Michael Rosen's Writers and Teachers' Conference at Goldsmiths, 2nd July

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Location

Location

Stuart Hall Building

Lower Ground Lecture Theatre

Goldsmiths, University of London

SE14 6NW

United Kingdom

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Top writers and teachers are coming together to work out how to teach writing effectively in schools; join them!

Professor Michael Rosen - one of the UK’s most popular writers for children – and the Goldsmiths, University of London Department of Educational Studies are bringing teachers together with some of the best writers in their fields for a free conference on Saturday 2 July.

Michael and other Goldsmiths tutors have invited news journalists, feature writers, columnists, historians, creative writers and writer-teachers to help teachers develop their approaches to teaching writing in all subject areas.

In addition, there will be a keynote address given by Simon Wrigley and Jeni Smith who are the directors of the National Writing Project, which is a network of teachers’ writing group, run by teachers for teachers. They will also be leading their own workshop.

We have asked the writers to discuss the most important tips they have picked up in learning how to write; to talk about how they “come up” with their “stuff” as they sit down to write; the kinds of things that go through their minds as they write; how they adapt their writing for specific audiences and topics; how they edit and re-edit, and then finalise for publication.

The conference has some of the leading practitioners in their fields. There is the historian Keith Flett, science and news writer for the Times Tom Whipple, literary journalist Fiona Wilson, feature writer Melissa Benn, prize-winning novelist Ardu Vakil and Deputy Editor of the New Statesman, Helen Lewis.

Teachers are warmly invited to attend this event. We feel this conference would be of particular interest to secondary school teachers from all disciplines, but particularly would be useful for student teachers and any teacher who wants to develop their expertise about writing. Science teachers could really benefit from attending Tom Whipple’s workshop, while English teachers could benefit from the Creative Writing workshop, Keith Flett’s workshop would be of interest of course to historians, but also any teacher who has to improve their pupils’ history writing skills, such as teachers of classics, RE and Media. Delegates will have a chance to discuss various writing strategies with the writers and then will have a go at writing their own pieces. The aim would be to publish some of these articles in a book, blog or anthology depending upon delegates’ preferences.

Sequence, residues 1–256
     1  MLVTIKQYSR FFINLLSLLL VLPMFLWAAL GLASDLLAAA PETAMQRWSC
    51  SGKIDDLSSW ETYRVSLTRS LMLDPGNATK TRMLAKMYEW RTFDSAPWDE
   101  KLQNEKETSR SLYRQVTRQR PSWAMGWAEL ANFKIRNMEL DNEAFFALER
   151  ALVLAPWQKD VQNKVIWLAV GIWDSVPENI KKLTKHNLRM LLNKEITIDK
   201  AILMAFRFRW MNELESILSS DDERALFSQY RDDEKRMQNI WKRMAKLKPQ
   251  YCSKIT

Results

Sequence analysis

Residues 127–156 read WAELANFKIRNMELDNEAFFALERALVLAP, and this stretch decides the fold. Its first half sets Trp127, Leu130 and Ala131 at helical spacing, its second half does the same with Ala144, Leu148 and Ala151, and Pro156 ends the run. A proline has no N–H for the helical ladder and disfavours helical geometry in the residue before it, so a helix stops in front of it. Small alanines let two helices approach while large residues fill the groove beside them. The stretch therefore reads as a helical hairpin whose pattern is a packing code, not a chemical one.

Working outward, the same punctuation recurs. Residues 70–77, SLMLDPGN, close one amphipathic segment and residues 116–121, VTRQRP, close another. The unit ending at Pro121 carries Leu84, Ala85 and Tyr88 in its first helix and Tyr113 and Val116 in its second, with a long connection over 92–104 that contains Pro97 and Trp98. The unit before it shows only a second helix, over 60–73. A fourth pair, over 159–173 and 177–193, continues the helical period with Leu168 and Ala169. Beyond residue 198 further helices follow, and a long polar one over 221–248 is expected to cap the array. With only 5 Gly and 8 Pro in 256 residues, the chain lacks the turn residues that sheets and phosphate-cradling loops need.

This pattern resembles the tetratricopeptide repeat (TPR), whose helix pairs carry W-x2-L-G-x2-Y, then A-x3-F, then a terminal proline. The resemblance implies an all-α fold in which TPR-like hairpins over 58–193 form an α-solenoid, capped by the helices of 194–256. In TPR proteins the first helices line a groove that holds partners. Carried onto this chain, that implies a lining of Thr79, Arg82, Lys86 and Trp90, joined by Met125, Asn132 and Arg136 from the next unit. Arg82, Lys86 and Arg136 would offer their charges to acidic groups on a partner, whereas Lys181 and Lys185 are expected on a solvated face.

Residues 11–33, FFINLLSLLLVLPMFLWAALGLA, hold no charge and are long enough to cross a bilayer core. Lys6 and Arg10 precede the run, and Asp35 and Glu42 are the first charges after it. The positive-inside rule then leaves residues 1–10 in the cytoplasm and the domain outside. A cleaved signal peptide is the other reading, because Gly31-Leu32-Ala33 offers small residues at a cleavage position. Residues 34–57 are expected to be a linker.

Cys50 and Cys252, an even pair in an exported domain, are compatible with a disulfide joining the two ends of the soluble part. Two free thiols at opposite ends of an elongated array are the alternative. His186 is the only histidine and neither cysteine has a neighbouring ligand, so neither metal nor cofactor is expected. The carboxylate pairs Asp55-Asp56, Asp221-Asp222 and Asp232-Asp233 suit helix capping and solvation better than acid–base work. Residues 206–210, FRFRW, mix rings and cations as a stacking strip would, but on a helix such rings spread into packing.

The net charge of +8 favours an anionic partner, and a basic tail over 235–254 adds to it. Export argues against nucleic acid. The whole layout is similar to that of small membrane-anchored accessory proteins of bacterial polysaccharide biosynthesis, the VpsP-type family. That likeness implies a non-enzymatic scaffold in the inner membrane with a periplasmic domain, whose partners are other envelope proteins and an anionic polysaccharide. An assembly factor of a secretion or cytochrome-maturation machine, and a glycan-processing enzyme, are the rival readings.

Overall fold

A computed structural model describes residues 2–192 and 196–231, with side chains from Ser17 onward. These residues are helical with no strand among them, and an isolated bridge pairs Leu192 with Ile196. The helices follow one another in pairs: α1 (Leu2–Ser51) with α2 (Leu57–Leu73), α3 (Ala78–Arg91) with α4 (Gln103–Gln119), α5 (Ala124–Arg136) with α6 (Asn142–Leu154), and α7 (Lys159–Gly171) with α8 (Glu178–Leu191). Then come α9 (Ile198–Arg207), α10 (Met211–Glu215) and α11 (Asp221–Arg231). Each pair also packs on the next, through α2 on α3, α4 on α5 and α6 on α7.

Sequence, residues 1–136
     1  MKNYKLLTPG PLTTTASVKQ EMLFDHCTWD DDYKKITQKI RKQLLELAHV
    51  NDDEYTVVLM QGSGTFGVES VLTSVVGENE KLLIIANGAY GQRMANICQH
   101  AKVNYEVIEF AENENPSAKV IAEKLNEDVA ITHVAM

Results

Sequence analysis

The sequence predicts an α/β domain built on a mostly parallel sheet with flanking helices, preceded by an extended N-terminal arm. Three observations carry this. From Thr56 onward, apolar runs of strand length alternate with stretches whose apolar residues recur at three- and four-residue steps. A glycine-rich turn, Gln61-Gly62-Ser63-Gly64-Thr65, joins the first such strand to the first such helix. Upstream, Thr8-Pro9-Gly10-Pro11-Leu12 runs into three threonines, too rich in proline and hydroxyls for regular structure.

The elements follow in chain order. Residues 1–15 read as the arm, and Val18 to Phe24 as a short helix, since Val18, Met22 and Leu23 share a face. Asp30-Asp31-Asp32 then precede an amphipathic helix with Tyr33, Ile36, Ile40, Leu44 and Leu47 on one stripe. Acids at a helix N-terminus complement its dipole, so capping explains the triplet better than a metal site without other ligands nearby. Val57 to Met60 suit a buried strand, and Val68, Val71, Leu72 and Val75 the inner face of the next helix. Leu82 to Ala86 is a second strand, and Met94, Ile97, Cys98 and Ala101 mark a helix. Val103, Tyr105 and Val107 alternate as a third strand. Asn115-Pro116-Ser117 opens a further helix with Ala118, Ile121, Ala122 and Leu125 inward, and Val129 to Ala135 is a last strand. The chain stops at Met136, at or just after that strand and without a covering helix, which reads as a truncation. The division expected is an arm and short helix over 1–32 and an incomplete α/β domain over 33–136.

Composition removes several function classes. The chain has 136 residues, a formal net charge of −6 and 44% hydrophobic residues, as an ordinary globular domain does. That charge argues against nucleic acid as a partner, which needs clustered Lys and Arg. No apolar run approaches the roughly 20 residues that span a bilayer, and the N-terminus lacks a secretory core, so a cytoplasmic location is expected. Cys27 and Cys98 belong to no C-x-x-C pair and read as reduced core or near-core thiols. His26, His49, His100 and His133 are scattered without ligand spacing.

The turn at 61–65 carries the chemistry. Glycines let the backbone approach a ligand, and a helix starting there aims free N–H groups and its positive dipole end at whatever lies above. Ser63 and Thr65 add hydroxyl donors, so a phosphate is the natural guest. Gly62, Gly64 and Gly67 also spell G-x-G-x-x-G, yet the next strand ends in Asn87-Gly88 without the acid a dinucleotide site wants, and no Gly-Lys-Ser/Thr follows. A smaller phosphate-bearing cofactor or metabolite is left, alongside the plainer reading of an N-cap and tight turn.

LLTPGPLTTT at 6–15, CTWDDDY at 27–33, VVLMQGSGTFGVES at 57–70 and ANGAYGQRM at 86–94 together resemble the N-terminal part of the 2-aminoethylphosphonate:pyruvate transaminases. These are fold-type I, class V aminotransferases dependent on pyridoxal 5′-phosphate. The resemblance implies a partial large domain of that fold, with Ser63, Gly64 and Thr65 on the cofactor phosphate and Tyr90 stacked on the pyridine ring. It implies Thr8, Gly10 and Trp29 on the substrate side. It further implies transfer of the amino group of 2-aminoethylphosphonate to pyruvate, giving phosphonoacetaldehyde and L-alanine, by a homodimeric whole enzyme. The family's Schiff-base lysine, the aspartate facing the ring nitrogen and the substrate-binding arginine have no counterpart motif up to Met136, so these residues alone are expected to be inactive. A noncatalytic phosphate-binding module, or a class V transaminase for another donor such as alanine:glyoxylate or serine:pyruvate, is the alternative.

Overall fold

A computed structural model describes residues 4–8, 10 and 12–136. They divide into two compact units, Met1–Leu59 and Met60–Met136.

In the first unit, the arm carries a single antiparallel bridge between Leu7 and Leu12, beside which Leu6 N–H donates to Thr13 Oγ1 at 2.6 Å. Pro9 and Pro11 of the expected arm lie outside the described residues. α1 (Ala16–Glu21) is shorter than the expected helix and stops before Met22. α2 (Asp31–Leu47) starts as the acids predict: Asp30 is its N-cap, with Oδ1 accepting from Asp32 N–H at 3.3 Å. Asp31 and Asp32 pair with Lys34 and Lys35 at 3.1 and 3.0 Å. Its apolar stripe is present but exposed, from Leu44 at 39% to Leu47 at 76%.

The conference will address the following questions, among others:

  • What classroom situations have produced the best writing?
  • Are there formulas for good writing?
  • How do you get your pupils down to write?
  • Are there differences in how you get pupils to write in the various genres: poetry, fiction, non-fiction, drama scripts?
  • How do you get students to edit/re-edit?
  • Is it advisable to publish, print, circulate, blog the pupils' writing? How?

The day would consist of the following schedule:

  • 9am-10am Register/Welcome/Coffee
  • 10am-11am Michael Rosen and other Goldsmiths tutors to introduce the conference, explain the rationale and why it is needed.
  • 11am-11.30am Break
  • 11.30am-12.30pm Workshops with professional writers who will work with delegates on explaining how they write. Teachers will discuss how these strategies might be implemented in the classroom.
  • 12.30pm-1.30pm Working lunch
  • 1.30pm-2pm Simon Wrigley and Jeni Smith, directors of the National Writing Project, key note speech about Teachers as Writers movement
  • 2pm-3pm Teachers write their articles in workshops OR participate in a Teachers as Writers workshop led by Jeni Smith and Simon Wrigley.
  • 3pm-4pm Reflections and readings.

This event would be suitable for the following professionals:

  • Any teacher interested in improving their ability to teach writing;
  • Primary school teachers;
  • English teachers;
  • Literacy co-ordinators;
  • Humanities teachers; history, geography and Religious Education teachers;
  • Science teachers;
  • Anyone interested in the teaching of writing in education.

(Please note: refreshments and lunch may be purchased from the cafes on the Goldsmiths site or from any of the cafes in the local New Cross area)

Date and Time

Location

Stuart Hall Building

Lower Ground Lecture Theatre

Goldsmiths, University of London

SE14 6NW

United Kingdom

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